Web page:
About a year ago I attended the first Internet Governance Forum (IGF) meeting in Athens. It was a huge techie jamboree bringing together Internet experts and advocates from around the world. And as I sat there in the audience and listened to the different visions of the future presented from the podium, I recall being pretty stunned by the political focus of the whole thing.
Well, I’m happy to report that to a large extent this year’s IGF in Rio seems much less overtly political than last year’s meeting. The keynote delivered by a Brazilian Minister did start the meeting off on a strange note – he effectively called for the end of ICANN and its replacement with he-didn’t-say-what-exactly – but most of the sessions I’ve attended have kept the polemics manageable.
In Rio I’ve participated in a good session on how to increase the net’s linguistic diversity. I’ve heard some worthwhile discussion of approaches to increasing the participation of Emerging Markets voices in IGF discussions. I even attended one panel where NGOs and large firms talked – cooperatively, constructively – about how they could join forces to work on practical approaches to protecting human rights and privacy in cyberspace.
All of this stands in stark contrast to the sharpest critique I’ve heard in any of the sessions in Rio. It came not from the Cuban or Iranian delegates (as in Athens), but from a US lawyer who complained loudly of all things about the recent free trade agreements (FTAs) signed between the US and countries in Latin America and elsewhere. And, while I can’t speak to all provisions of the treaties (and it would be far above my pay-grade to say that I know better than the Presidents of a dozen or so nations who voluntarily chose to enter into these agreements), the argument did strike me as odd.
The panelist said, in essence, that the US government was forcing other countries to accept fairly strict Intellectual Property (IP) protections as part of these treaties. And that this was unfair.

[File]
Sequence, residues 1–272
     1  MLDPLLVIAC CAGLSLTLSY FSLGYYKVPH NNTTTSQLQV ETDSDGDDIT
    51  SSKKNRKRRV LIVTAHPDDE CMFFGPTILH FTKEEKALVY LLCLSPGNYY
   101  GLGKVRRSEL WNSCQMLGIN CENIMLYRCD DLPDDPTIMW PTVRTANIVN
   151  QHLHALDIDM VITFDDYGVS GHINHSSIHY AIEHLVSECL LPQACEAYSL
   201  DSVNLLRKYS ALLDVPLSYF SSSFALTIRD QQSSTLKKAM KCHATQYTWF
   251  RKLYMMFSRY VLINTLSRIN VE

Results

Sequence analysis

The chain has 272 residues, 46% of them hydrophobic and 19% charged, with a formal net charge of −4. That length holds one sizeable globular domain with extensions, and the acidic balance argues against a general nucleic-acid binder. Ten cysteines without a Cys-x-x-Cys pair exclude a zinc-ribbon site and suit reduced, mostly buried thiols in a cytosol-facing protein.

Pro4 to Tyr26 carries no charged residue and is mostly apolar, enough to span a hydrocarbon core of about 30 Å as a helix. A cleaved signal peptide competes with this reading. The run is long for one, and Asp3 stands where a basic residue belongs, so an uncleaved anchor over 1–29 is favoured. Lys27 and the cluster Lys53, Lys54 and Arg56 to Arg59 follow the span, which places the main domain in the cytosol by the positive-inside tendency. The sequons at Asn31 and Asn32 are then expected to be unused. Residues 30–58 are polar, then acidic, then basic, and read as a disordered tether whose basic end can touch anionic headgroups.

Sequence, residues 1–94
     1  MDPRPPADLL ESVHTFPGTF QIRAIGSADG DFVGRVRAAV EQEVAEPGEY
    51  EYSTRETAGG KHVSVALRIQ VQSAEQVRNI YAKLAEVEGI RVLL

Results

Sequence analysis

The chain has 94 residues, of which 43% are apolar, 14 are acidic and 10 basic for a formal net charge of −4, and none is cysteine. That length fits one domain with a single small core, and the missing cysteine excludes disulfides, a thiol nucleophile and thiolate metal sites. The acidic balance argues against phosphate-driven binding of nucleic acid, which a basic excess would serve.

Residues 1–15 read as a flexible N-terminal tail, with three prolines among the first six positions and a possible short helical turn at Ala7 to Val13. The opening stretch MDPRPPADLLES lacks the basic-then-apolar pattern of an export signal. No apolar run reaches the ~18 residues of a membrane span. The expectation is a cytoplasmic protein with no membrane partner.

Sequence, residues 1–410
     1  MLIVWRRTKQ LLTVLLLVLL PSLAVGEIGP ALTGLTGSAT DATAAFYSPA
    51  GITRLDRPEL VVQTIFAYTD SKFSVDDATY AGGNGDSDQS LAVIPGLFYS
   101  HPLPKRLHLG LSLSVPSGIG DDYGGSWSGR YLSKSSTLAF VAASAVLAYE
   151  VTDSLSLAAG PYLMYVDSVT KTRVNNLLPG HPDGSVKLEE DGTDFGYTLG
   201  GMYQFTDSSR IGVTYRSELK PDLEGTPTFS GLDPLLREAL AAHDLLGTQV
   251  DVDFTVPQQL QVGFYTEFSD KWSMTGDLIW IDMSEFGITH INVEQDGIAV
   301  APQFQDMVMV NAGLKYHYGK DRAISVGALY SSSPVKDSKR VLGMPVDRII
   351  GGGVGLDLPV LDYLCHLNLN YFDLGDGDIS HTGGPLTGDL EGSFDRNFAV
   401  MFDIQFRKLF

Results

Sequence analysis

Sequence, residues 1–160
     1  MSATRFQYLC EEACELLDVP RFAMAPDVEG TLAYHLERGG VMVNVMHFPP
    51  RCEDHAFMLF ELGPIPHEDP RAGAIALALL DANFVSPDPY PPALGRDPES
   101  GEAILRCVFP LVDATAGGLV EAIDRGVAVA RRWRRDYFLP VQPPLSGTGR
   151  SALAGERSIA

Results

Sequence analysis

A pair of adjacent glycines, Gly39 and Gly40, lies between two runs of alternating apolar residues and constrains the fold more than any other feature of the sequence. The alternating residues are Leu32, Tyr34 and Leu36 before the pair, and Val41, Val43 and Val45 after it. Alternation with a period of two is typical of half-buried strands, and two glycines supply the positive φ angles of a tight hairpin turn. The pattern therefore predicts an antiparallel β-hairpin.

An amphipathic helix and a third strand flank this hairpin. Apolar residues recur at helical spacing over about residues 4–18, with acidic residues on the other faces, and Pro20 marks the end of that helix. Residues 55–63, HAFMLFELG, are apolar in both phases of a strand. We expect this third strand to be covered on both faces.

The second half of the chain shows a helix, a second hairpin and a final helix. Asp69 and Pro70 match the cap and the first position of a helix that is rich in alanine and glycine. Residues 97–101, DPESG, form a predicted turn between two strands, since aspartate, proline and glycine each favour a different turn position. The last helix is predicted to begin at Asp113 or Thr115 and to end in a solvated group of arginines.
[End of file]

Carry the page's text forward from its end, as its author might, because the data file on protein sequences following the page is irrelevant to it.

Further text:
It was unfair, if I understood correctly, because it helped enshrine US technical standards in Emerging Markets. It was unfair because it disadvantages local Emerging Markets tech developers and providers. It was unfair because it limits the independence and development opportunities of countries signing these accords. And since the opposite of protecting IP would, at least on some level, be not protecting IP (and accepting some level of IP piracy?), let me say that on all counts I beg to differ.
You can say what you want about the price of any good – from virus vaccines to virus scan programs. And it is true, not all firms – whether in the Yangtzee Valley, the Rhine Valley, or in Silicon Valley – play by the rules all the time in the ways we might want. Still, nothing in the FTAs that I’ve seen forces me to buy Guatemala’s coffee (even if it is some of the best in the world) or forces small businesses like mine in Guatemala to buy Adobe Photoshop, MSOffice or any other IP product from the US.
Moreover, if I walk out of the store without paying for my coffee – whether that store is in Guatemala or Washington – that’s called stealing. The medium or size of the firm providing the product doesn’t change the principle. The fact, for example, that it’s easier to copy my band’s CD than it is to grow coffee doesn’t make me any less deserving of reaping the rewards from my work if I wrote the songs. Nor does the size of the popularity of the band have anything to do with it. Britney Spears, as much as she makes me cringe, deserves the same rights we would insist on for the cool undiscovered indie group we hope will make the big time some day. It’s not hegemony to want to be paid for your work, no matter who you are. (Note: Thank you clients for sharing this belief!)
In fact, instead of limiting the options of economies, I would argue – as Rwandan President Kagame has over and over – that IP protection is crucial to development. I have heard many companies complain that the lack of confidence in contracts and in the security of their IP-based products – especially in Emerging Markets – limits their investments in these markets. It limits their local hiring, it limits the time spent developing products for these markets, it limits the taxes they pay in country. So if you want trade, and you want investment, doesn’t it just make sense to include IP protection in any trade accord?
There’s not a lot these days that I can say I agree with coming out of my government – either the White House or the Congress. However, in this case it seems we really do have it right. As a citizen and taxpayer, you bet I want to see the jobs, tax revenues and re-investment that flow to the US from music, movies, and software made in the US. And, as a friend of development I want to see it too, because I know that true integration into the “knowledge economy” is impossible without intellectual property.
I think its time we stopped intellectualizing about protecting the “developing world” in ways we wouldn’t think to protect ourselves. Charity is charity, but no Emerging Markets entrepreneur I’ve ever met would think of signing a contract that says they shouldn’t get paid for their work – whether their product is consulting time, a pound of coffee, or a DVD. Why should they? Why should we?